The weather forecast said the rain would end at 7:30 p.m. It is just beginning. We have only had half an inch of rain this month. There is a thin band of pale blue sky between the thick layers of white and gray clouds–a sky sandwich. I have been here for one year. The landscape–the stark viaduct bolstering the sky, the black wet curving road, the stone wall-eyed houses–is exactly the same. The way I see this place has changed. I was exuberant in each of my small discoveries–the megaliths, the archaeological society with the old men and women ensconsced inside like ancient delicate artifacts. I woke up early every day and rushed up to the village, discovering new faces, my fear of this strange place like an added sheen to my excitement. Most days I would walk to the cafe to drink coffee and check emails. But now that I have an Internet connection, I stay at home. Last year, I did a lot more cooking and experimenting with new foods–lamb shoulders and fig flans. The flowers, the fruits from the garden, each a new surprise, a gift from the gods. Mon Dieu, I had never tasted a mirabelle before; and now I had my own tree, limbs bowing under the weight of a hundred golden globes. I crawled through the garden on my hands and knees for days carefully cutting and pulling out long green creepers covered with stabbing thorns. This spring I made a path with white stones which glow brightly against the lush leaves and purple buoyant flowers on the trees which I rescued from ivy the very first summer. I spent many afternoons cutting away and pulling with my hands the ivy ropes which wound around and around each and every tree trunk in the garden. I watered more than I should have perhaps–the garden having been neglected for four years. And now, the garden rewards me with its verdant lushness. Today, I cut the first bright pink rose as big as my palm, sucking in its beautiful perfume as if it were life-giving. And I plucked the first tiny red rose, scent-less, petals tightly wound, a dull luxurious red.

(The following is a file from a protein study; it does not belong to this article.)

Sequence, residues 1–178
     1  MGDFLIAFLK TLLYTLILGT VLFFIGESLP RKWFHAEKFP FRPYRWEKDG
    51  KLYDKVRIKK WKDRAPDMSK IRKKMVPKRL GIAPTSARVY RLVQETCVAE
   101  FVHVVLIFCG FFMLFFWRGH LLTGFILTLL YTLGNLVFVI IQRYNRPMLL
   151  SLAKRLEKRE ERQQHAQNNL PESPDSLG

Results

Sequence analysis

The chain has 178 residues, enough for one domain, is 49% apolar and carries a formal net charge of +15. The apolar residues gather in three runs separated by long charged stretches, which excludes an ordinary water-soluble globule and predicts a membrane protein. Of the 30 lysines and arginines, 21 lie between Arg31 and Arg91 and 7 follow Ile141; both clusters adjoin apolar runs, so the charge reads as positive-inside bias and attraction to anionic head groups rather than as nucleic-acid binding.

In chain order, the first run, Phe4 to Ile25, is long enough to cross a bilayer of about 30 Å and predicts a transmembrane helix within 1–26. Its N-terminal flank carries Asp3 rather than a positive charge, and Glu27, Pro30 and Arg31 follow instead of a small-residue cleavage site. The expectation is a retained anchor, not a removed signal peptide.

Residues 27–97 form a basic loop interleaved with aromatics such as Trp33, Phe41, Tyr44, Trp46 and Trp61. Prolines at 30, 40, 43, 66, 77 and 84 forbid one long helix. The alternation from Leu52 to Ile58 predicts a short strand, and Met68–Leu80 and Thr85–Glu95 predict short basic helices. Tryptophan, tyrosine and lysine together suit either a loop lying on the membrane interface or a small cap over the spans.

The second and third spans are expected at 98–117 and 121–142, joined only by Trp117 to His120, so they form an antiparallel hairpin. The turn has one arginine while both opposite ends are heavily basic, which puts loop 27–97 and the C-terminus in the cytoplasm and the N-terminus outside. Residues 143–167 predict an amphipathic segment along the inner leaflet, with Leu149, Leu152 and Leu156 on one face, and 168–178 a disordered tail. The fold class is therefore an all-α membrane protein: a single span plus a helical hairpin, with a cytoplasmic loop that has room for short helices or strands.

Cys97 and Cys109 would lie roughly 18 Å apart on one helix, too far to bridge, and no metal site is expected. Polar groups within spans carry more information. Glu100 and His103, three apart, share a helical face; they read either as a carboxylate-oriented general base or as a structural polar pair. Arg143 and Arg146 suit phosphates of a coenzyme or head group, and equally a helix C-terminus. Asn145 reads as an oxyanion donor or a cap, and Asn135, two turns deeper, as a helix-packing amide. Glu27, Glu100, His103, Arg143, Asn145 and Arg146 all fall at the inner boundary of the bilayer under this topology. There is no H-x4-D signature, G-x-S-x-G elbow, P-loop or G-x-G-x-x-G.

This is what I need in order to live: I need antique red and unabashed pink. I need to feed the birds who come from the temperate woodlands and the brilliant river. My nights and mornings are glorious with birdsong. And the black night pulses with a million flowering stars.